GPC Wales chairman Dr Andrew Dearden backed the idea, saying: 'There is no doubt that the Welsh Assembly needs to invest more money to attract GPs to Wales. We've got 10 per cent higher disease prevalence, but earn 10 per cent less on average. We also have the highest consultation rate.'
The LMCs conference passed several motions encouraging the Welsh Assembly to recognise the extra workload.
Dr Dearden said that while in recent years there had been a 15 per cent rise in GP numbers in England, the rise had been just 3 per cent in Wales.
He said that the GPC would ask the Welsh Assembly to attempt to redress this from 2007.
Dr Ferghal Armstrong of Morgannwg LMC said that the problem was also due to working conditions.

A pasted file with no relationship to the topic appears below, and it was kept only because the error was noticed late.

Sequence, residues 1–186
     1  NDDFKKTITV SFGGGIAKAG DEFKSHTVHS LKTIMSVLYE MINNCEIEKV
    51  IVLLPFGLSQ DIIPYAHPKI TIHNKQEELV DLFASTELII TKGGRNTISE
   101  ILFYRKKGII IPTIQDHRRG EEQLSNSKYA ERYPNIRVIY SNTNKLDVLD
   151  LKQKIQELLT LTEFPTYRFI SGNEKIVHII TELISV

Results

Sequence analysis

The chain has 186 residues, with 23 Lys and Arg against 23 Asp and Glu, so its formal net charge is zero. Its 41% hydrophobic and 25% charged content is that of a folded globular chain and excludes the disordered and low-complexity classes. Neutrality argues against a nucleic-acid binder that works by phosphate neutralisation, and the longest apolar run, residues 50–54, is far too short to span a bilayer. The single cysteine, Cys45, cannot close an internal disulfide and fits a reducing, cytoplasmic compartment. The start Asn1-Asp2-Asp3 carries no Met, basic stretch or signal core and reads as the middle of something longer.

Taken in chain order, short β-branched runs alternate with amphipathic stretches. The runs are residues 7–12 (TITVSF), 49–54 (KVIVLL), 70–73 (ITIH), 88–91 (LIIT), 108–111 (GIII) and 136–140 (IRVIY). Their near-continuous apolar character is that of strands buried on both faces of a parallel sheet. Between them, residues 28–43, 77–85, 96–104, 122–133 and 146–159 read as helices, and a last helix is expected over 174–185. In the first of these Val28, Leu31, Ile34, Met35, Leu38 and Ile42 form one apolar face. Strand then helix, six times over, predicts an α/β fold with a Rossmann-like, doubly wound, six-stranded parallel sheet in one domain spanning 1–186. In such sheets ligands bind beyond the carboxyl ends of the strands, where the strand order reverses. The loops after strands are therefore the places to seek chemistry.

'The bottom line is that we are working harder,' he said. 'If you train on the border and this situation remains, then more and more GPs will go to England.'
Dr David Roberts, chairman of Dyfed Powys LMC, said: 'We cannot afford to have a situation where Wales appears worse off than the rest of the UK.'
But Dr Tony Calland, a GP in Monmouthshire and chairman of the BMA Welsh Council, told the conference to 'stop whingeing'.
'In England private practice is moving in,' he said. 'If we don't think strategically we've had our chips in Wales.'
Dr Sean Young of Morgannwg LMC tabled the motion calling for a 'Welsh Factor' to be specifically added to the global sum. Dr Dearden asked for the motion to be taken as a reference in negotiation for fear of creating a Wales-specific contract.